A woman and a golden retriever are sitting on a wooden dock with a rippling blue lake in the background. The woman is smiling and sitting cross-legged with her right arm around the dog’s shoulders, she holds the dog’s brown leather leash in her left hand. She has long, straight blond hair and round wire glasses; she is wearing denim capri’s and a white, red and light grey top. The dog’s tongue is hanging out and has a black spot in the middle. He has long light tan fur and a very black nose.

It took a couple tries, but I was able to complete college and graduate school with accommodations. I had a twenty-year career as an occupational therapist working with children. I am married and have four adult children and two grandchildren. A full life. At around age 60, I lost some additional vision from an unrelated retinal problem. I decided I could no longer adequately carry out my work duties and went on disability. I also decided to get a guide dog from Leader Dogs for the Blind. His name is Prodigy, and he helps me to be more confident and independent, like the little boy in the story.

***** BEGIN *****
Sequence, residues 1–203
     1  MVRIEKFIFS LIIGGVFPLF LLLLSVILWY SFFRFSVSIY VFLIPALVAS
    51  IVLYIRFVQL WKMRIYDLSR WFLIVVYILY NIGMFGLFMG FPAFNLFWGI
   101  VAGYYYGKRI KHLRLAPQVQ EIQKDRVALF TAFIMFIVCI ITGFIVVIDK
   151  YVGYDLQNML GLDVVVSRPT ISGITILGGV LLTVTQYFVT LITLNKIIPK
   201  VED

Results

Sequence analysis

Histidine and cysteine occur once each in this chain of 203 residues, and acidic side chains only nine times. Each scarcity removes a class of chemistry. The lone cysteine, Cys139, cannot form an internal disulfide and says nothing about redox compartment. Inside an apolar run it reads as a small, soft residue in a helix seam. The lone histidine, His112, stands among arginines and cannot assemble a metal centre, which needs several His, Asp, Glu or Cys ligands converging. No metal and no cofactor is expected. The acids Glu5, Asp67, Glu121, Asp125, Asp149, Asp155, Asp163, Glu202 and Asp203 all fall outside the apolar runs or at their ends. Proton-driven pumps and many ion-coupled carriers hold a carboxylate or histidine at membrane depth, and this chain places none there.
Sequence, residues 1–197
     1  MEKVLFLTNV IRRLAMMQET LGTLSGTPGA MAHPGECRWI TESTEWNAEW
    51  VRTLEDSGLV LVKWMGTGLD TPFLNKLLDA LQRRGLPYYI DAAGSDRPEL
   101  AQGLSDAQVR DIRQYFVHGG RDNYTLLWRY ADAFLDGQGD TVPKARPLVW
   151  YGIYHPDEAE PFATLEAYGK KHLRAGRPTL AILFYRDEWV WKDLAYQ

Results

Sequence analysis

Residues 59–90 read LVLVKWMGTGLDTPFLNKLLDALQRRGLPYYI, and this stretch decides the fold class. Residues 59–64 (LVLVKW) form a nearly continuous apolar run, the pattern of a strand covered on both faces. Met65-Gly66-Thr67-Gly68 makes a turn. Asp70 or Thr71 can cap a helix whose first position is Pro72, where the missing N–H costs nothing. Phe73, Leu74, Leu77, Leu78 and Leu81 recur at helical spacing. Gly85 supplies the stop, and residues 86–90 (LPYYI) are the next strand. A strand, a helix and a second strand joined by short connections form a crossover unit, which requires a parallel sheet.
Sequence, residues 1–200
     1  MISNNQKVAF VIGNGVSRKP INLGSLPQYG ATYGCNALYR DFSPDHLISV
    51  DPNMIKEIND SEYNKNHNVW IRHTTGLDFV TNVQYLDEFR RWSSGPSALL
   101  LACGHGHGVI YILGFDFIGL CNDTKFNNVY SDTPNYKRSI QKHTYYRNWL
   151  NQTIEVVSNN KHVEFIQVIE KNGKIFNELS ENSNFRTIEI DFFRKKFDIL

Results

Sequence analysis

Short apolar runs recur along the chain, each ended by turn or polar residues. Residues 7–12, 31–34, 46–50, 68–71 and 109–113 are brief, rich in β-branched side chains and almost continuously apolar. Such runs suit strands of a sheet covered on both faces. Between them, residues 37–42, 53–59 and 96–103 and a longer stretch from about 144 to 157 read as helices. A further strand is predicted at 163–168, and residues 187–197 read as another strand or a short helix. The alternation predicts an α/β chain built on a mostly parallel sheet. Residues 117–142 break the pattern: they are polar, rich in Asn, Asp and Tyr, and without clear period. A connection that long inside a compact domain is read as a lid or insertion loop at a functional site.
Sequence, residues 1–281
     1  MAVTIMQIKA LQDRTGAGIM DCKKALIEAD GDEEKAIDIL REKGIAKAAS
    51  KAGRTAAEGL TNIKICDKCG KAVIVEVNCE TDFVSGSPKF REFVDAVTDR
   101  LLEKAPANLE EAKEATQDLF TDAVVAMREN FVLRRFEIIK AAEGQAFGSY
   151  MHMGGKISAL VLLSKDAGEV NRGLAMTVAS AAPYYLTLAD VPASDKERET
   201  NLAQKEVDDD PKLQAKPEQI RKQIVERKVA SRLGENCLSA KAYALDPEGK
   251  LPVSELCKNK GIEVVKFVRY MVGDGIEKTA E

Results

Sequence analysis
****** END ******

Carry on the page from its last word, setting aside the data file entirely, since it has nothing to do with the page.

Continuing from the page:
A woman and man are standing with a golden retriever wearing a harness sitting in front of them on grass. The background is a variety of trees and a river. The woman is smiling, she has long blond hair and round, wire-rimmed glasses. She is wearing a long-sleeve black blouse with a tan floral/leaf patten and khaki pants. The man has grey hair and a full white beard and moustache. He is wearing round glasses, a tan short-sleeve t-shirt and khaki shorts. The dog has very light-yellow fur, dark eyes and a dark nose. His mouth is slightly open, and you can see a black spot on his light pink tongue.Just between you and me, it has not been easy. There are lots of things I simply cannot do, and lots of things that require inordinate effort and extra time. But I keep trying and am satisfied with less than perfect results. I no doubt would have been a better occupational therapist if I had normal vision. But my kind coworkers stood in the gap for things I couldn’t do, and I focused on getting really good at the things I could do. I have always had trouble recognizing people by sight, but I learned to cheerfully greet everyone I met just in case. I think this made me a more cheerful and outgoing person than I would otherwise have been. I cannot drive a car, but I have friends who offer to pick me up for events, online shopping, and a wonderful husband who will take me anywhere.